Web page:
Tailor it for each job/agency as much as possible. You should even adapt your specialisations; for example, if you’re applying to an agency which doesn’t offer one of your fields, remove it because it’s sort of pointless. If they refer to ‘education’ as ‘training’, then stick to their terminology. Also, localise it for each country, e.g. US vs UK (-ise vs -ize; programme vs program).
Don’t send your CV to direct clients; it’s better if you refer them to your website or your LinkedIn profile. If you’d like to send them something, opt for a visual infographic explaining who you are and how you can help them.
This is very obvious, but I’ll still devote a few lines to this 21st century miracle for those of us who work from a home cave, aka as a home office. As a professional translator, LinkedIn is indispensable, especially if you don’t have your own website. Use the professionally taken headshot I mentioned in part 2 (LINK), work hard on a clear description of who you are and what services you offer, and complete the profile as much as possible. Bear in mind that the first few sentences of your description will show under your picture and basic info, so make them count. If someone looks at your profile, those two or three lines should already give them a clear idea of who you are.
I find the sections at the bottom extremely useful: languages, publications, courses, certificates, etc. It’s another version of your CV, so make sure you keep it updated! Once your profile is looking good, it’s time to connect with people. Please, please, please, add a personal message to your invitation. Say hi and why you’d like to connect, especially if you haven’t met them personally. You represent your brand (you are your brand, actually), and every little detail counts. You don’t want to come off as rude or detached, do you? Luckily enough, translators are polyglots, which means we can have our LinkedIn profile in more than one language. Take advantage, as this will make you easier to find!
Twitter is the other social network I use actively for professional purposes. I had never used it until I created my VibrantWords Translations account and, I must say, I’m positively surprised. If you follow the right people, you can learn tons! I learn new Spanish words every day, and I’ve come across interesting events and articles thanks to other translators or the associations I follow.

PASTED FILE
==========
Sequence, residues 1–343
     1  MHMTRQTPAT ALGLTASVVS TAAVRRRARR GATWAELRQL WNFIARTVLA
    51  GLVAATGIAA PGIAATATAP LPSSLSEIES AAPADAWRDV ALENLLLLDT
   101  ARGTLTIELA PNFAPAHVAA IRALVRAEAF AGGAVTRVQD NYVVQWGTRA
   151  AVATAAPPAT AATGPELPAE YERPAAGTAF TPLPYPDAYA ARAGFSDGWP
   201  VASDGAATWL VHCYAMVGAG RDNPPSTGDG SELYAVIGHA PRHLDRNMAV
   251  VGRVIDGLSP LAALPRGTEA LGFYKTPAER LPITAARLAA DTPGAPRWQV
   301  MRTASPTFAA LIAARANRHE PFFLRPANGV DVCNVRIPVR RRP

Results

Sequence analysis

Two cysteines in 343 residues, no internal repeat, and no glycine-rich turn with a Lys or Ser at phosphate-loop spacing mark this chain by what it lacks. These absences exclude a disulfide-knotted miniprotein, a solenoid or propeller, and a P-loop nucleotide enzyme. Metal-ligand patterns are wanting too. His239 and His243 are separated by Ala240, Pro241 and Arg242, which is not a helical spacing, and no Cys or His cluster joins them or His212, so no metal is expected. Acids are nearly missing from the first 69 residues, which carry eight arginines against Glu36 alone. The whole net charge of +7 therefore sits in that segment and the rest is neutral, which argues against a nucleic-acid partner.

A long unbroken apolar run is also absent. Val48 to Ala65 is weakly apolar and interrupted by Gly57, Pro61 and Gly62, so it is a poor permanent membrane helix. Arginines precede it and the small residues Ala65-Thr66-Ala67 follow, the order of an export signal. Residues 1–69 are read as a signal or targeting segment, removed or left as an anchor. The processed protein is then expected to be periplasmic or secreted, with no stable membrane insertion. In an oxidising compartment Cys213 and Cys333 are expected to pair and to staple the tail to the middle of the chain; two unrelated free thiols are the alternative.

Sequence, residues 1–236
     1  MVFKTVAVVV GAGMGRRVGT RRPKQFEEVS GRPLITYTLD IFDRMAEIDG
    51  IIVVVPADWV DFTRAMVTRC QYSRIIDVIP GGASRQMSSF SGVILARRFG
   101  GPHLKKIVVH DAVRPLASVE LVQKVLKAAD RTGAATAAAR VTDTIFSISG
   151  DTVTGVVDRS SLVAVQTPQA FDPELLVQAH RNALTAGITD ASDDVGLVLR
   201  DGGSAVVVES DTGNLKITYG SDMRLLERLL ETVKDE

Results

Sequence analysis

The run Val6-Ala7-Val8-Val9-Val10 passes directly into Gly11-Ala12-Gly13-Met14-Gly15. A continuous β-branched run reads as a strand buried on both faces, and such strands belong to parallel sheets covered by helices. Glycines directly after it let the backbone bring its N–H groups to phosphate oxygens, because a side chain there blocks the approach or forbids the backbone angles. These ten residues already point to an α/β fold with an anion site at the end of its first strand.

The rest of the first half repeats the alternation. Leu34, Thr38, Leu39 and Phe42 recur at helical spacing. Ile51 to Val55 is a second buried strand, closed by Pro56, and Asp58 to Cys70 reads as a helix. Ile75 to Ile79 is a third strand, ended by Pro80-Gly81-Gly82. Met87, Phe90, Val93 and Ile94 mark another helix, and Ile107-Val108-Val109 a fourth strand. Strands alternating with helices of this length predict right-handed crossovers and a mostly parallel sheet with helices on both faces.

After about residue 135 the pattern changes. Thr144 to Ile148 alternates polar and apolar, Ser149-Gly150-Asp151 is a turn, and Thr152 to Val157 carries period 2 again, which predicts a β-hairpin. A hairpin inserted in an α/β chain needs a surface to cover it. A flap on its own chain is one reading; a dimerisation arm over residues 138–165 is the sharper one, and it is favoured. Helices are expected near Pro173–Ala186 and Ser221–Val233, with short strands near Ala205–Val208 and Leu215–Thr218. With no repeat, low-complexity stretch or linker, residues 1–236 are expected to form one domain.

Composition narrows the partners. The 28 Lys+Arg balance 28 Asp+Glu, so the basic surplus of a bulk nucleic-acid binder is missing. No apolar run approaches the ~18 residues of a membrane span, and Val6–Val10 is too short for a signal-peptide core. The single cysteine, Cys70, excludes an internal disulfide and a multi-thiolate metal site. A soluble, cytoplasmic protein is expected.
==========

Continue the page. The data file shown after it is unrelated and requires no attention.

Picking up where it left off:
I’ve found, however, that sometimes it poses a challenge: how often should you tweet? How can you constantly find interesting things to share? Some people seem to be on Twitter 24/7, so you might feel the pressure sometimes. The key? Figure out the best way for you to use it, without letting what others post – or how often – get to you. No time to find content? Then retweeting is your best friend!
Make sure you become familiar with translation hashtags, although I would advise against using too many in a single post.
As for Facebook, I entertained the idea of creating a business page, but I haven’t done it yet, and I don’t see it happening any time soon. Instagram? The little bit I use it is for personal purposes only, so no room for VibrantWords Translations there for now.
I mentioned this in passing under the IT section. Once you have your professional domain email address, you need to have a signature that is automatically inserted at the bottom. Include your name + postnominals (BA, MA, PhD, MCIL, etc.), your job title (eg DE-EN Translator & Proofreader), phone number, website, and even links or icons to your social profiles. If you’ve got a logo, that’s a great place to put it, too. And if you don’t, you can add the logos of the professional associations you belong to linking to your profiles there.
You can also use your signature to link to one of your translations or writing samples. As you can see, I’ve done that in mine, and I change it as I see fit. Since 25 May, 2018, acknowledging GDPR in your email signature is a good idea, too.
And that’s it for now. In the next post, I’ll talk about business cards, online visibility and having your own website, among others. So, what can you share about your marketing strategies? How do you promote your services?